Monday, March 8, 2010

F*** Me (And Me, And Me) (1991)

(Bullock, moments before she is violated by Tim Robbins)

Our finest actresses have long showcased their chops by portraying the outcasts of society: the criminally insane, the deviant, or the grossly unattractive. In the classic independent film Fuck Me (And Me, And Me), Bullock depicts a victim of both multiple personality disorder (MPD) and nyphomania. The result is a psycho-thriller that is not without its share of comedic value, an expert and nuanced character study along with an endlessly quotable goldmine of one-liners and puns. (Who doesn't chuckle with recognition when confronted with "That's my beaver!" or "I prefer egg noodles with my Paxil, dickweed"?)

Bullock plays 'Little Dana,' a mental patient living in 1980s Connecticut. ('Little Dana' is based on a real person, the author of the memoir "I'm Little Dana, Who The Fuck Are You?", which was a loose model for the screenplay.) While she is being treated for MPD, Dana (whose 'alter egos' include a "murderous wench from 19th century Germany" and "Holly Stinkfist, Punisher of Teddy Bears") is actually being molested by her doctor, Harmony Bozarius (Tim Robbins), who is videotaping her naked therapy sessions and selling them via mail order. Yet the astute viewer soon realizes that 'Little Dana' is not as malleable as she seems; indeed, at the film's climax, Bullock's character rebels against her tormentor, bludgeoning him to death with a vinyl dildo that he has brought along for their latest "counseling one-on-one."

Critics initially panned Fuck Me (And Me, And Me) for being, variously, "an affront to the dignity of the psycho-sexually deranged" (New York Times) and "a B-movie farce that shows Bullock has about as much acting talent as a bruised and slightly rotten mango" (Rex Reed of the New York Observer.) Yet time has been kind to this 1991 Bullock classic. Film professors at Rutgers University, Columbia, and several branches of CUNY now teach Fuck Me (And Me, And Me) in course modules; "The 100 Best Films To Rent You've Never Heard Of" calls the film "a can't-fail date movie, and further proof of why Bullock is America's sweetheart." The female empowerment of 'Little Dana' against the phallic oppression of Tim Robbins was quite obviously emulated by the 2005 Ellen Page vehicle, Hard Candy; it's not such a leap, then, to extrapolate that Fuck Me (And Me, And Me) was also an early precursor to the wildly successful Juno.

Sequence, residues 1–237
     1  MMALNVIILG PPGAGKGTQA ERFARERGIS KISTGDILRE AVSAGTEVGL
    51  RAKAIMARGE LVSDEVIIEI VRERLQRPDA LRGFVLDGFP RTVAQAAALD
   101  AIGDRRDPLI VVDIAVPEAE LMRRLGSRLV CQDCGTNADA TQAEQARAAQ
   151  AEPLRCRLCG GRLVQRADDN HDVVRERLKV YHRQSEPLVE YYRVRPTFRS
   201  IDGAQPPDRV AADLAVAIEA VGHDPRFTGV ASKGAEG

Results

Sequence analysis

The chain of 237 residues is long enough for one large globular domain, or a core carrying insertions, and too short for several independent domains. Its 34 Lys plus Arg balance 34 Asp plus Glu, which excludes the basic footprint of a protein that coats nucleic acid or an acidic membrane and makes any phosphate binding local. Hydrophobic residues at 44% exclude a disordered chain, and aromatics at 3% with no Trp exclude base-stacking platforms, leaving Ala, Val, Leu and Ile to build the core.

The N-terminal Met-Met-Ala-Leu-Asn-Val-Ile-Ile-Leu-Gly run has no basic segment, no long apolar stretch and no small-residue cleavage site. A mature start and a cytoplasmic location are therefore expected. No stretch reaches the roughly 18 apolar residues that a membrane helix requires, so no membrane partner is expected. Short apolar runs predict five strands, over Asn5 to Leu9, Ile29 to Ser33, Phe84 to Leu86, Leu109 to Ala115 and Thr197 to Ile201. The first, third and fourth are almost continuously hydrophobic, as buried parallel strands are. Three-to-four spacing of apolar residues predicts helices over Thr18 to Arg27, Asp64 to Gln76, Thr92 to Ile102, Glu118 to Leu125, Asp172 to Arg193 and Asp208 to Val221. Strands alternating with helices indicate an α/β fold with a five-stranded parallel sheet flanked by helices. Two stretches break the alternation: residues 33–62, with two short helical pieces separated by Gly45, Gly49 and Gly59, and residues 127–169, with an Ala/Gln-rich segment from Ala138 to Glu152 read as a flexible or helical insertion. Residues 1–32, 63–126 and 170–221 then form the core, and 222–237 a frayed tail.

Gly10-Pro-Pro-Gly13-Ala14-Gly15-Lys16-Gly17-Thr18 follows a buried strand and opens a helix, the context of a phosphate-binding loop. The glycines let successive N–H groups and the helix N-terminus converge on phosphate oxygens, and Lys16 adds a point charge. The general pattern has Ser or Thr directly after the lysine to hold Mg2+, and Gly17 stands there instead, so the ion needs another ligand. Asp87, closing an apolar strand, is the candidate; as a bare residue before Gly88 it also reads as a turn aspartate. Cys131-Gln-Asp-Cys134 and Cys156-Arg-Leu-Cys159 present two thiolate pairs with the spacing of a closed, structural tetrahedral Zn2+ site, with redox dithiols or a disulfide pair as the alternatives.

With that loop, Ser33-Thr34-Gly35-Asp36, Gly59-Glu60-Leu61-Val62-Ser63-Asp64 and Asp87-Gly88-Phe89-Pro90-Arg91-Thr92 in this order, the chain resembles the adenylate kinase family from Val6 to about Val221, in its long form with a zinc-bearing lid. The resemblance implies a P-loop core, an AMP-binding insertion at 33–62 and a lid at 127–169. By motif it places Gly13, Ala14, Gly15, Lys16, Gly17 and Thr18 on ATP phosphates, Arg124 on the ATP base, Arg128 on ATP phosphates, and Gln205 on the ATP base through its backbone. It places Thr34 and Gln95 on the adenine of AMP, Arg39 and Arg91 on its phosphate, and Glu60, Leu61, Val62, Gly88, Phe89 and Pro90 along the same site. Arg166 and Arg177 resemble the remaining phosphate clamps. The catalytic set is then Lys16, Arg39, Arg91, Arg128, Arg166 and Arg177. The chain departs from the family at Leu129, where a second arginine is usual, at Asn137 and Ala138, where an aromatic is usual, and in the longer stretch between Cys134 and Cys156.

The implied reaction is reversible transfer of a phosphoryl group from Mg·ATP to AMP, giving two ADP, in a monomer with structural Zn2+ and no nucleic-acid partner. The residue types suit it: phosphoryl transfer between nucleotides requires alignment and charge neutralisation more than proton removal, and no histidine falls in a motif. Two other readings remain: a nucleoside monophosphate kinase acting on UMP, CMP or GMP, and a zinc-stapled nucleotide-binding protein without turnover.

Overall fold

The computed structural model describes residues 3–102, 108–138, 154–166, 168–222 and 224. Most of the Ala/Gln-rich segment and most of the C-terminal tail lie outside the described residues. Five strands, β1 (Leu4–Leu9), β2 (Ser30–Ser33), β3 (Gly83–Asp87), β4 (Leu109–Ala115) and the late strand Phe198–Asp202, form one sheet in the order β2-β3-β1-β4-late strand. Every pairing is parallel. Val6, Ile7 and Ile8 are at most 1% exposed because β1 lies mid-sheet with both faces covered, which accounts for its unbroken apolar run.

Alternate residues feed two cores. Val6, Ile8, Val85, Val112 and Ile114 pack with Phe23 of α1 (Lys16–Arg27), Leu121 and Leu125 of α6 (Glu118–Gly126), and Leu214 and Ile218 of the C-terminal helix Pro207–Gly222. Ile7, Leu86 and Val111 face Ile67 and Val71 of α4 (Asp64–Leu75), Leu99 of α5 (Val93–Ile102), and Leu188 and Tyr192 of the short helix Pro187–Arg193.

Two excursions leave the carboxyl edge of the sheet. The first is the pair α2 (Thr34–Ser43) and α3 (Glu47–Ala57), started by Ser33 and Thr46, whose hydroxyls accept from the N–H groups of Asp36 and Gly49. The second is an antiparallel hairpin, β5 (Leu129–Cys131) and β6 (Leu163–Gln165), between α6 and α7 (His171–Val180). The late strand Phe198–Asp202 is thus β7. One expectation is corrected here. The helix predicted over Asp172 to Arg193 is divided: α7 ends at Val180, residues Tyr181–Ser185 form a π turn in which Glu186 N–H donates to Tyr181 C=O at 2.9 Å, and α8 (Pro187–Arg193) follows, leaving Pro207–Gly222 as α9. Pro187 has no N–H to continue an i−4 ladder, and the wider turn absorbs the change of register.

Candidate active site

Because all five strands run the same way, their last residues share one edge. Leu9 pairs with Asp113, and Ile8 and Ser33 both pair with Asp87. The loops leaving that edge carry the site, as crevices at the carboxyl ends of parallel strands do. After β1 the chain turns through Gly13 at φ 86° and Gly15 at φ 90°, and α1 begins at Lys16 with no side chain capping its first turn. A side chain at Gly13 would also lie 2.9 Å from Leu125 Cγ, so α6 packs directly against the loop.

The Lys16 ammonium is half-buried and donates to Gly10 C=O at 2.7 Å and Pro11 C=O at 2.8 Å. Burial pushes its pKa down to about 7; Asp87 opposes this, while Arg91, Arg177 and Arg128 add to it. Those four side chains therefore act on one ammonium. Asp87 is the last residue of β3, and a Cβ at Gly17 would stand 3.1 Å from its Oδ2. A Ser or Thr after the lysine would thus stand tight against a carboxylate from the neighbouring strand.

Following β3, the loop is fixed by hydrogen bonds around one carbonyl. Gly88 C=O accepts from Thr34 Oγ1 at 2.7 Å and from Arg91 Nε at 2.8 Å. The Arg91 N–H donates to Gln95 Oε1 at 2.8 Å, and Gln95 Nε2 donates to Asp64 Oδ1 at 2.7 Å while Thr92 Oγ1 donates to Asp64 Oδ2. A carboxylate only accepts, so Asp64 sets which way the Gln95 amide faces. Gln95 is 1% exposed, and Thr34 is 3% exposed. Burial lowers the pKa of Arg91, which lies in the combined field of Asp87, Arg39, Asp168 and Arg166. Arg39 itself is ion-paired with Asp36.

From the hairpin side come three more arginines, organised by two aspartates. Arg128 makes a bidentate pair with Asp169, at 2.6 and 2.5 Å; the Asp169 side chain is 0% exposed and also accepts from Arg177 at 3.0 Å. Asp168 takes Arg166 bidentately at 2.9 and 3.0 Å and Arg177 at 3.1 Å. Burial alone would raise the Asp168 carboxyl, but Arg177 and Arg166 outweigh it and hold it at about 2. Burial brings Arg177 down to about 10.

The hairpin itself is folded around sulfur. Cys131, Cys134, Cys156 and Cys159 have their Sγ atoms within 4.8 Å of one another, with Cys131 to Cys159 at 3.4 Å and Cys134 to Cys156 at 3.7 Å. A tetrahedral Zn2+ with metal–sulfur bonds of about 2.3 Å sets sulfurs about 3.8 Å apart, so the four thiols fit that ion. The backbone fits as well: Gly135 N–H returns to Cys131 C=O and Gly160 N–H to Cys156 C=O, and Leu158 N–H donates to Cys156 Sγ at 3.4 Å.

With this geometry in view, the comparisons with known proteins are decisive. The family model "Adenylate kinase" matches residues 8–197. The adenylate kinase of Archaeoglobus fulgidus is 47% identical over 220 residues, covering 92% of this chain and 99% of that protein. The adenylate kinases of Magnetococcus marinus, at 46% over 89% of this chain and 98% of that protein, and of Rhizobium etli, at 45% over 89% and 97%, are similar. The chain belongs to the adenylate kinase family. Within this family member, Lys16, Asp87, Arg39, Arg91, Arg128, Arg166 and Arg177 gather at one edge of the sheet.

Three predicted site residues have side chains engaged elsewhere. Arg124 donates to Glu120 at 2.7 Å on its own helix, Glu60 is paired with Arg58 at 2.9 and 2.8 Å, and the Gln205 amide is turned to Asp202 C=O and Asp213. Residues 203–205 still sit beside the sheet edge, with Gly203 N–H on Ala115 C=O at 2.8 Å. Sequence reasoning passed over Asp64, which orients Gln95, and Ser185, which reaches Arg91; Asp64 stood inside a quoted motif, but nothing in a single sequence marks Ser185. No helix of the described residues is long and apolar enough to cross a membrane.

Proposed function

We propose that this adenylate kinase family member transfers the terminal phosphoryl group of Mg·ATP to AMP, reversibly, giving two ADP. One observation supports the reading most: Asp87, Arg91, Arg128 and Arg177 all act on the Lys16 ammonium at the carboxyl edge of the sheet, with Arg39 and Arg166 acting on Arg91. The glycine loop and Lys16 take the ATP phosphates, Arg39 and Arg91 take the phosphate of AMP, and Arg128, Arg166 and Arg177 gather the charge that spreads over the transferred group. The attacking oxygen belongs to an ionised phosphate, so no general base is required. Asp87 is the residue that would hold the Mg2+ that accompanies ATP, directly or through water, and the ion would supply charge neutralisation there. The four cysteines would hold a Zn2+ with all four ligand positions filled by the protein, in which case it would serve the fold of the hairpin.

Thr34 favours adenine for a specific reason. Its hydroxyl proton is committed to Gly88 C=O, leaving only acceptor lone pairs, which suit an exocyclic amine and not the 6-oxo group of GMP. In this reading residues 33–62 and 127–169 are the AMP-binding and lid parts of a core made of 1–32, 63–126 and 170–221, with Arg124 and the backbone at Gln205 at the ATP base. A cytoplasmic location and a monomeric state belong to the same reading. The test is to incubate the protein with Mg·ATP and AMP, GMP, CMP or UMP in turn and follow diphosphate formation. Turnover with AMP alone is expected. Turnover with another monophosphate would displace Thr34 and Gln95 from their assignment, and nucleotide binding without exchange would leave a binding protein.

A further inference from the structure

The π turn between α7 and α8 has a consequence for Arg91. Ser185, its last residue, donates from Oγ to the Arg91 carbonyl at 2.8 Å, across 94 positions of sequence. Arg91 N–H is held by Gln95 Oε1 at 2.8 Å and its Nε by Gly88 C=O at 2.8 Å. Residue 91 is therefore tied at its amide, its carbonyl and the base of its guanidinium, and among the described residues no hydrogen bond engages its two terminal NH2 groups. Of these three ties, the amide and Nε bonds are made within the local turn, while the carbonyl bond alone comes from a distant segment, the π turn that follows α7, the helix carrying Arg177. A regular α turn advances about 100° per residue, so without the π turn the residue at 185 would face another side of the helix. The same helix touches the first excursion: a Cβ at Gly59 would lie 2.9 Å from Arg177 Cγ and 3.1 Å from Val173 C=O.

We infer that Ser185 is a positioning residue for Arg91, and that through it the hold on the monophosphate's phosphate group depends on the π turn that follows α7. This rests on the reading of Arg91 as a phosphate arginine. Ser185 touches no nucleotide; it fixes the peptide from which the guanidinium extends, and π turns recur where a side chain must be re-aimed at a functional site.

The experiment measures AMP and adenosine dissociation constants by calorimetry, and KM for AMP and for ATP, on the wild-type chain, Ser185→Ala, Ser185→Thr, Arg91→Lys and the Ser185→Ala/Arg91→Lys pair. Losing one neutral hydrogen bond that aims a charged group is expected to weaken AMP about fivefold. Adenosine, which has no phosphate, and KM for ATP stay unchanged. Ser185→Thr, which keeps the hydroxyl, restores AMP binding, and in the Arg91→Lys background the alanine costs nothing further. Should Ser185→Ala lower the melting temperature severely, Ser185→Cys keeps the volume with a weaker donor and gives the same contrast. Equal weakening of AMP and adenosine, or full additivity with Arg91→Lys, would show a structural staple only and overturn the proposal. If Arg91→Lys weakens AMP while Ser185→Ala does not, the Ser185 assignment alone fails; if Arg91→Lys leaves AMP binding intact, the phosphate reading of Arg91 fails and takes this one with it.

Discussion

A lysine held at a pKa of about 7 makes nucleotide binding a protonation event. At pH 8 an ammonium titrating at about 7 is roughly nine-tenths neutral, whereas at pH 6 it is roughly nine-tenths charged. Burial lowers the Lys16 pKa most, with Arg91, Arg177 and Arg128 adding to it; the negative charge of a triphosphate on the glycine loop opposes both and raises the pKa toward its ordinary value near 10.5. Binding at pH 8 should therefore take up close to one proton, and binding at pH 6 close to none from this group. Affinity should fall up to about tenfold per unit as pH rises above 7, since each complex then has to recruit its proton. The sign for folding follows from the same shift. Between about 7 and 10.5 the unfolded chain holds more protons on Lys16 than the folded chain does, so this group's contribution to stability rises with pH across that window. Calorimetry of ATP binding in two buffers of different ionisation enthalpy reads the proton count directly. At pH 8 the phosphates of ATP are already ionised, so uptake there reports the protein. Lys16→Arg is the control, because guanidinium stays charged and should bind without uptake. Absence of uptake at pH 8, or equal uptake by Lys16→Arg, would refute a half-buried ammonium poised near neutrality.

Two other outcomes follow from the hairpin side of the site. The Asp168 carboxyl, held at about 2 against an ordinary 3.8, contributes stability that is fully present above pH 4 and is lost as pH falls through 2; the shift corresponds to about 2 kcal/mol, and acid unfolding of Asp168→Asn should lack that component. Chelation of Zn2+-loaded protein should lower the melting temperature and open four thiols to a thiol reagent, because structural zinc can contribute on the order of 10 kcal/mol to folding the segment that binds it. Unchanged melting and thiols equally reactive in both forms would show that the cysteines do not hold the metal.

Squeamish or Squamish? (Miramax, 1994)

In a breakout role from her "aboriginal sex comedy" period, Bullock proves herself adapt at both physical slapstick and difficult accents. Squeamish or Squamish?, directed by Canadian auteur F. Davis Fillinger (Hormonal Ballet, Fast Times On The Uterine Highway), is a classic 'fish out of water' story in which Bullock plays a young woman who retreats to British Columbia in order to kick a meth habit. (Bullock proves how adept she is at reinventing her appearance, telling press that "I didn't brush my teeth for like six weeks" in order to achieve "meth mouth." Roger Ebert approvingly noted that the lesions on Bullock's face "almost viscerally pulsed.")

Bullock spends a few days detoxing in a rented room above a bait-and-tackle shop. She soon meets 17-year old Egon Ertashink, a Squamish youth of frighteningly primitive appearance. The chemistry between the two "can be cut with a knife," and indeed "is almost uncomfortable in its intensity," according to Bullock scholar Penelope Danner. (Dillinger later admitted that the on-screen sex scenes involved actual penetration on the part of his lead actors, "at Sandra's insistence.")

Ultimately, Squeamish or Squamish? is a classic touchstone of early Bullock, initiating trends -- chemical dependency, sexual fetishization of 'the Other,' pornographic interludes set to 80s Brit-pop -- that would mark her later, major works. Despite shortcomings (choppy audio, inexpert editing, and a script whose emotional range is best described as "autistic"), this 1994 film is a vital Bullockian document worthy of extended scholarly study.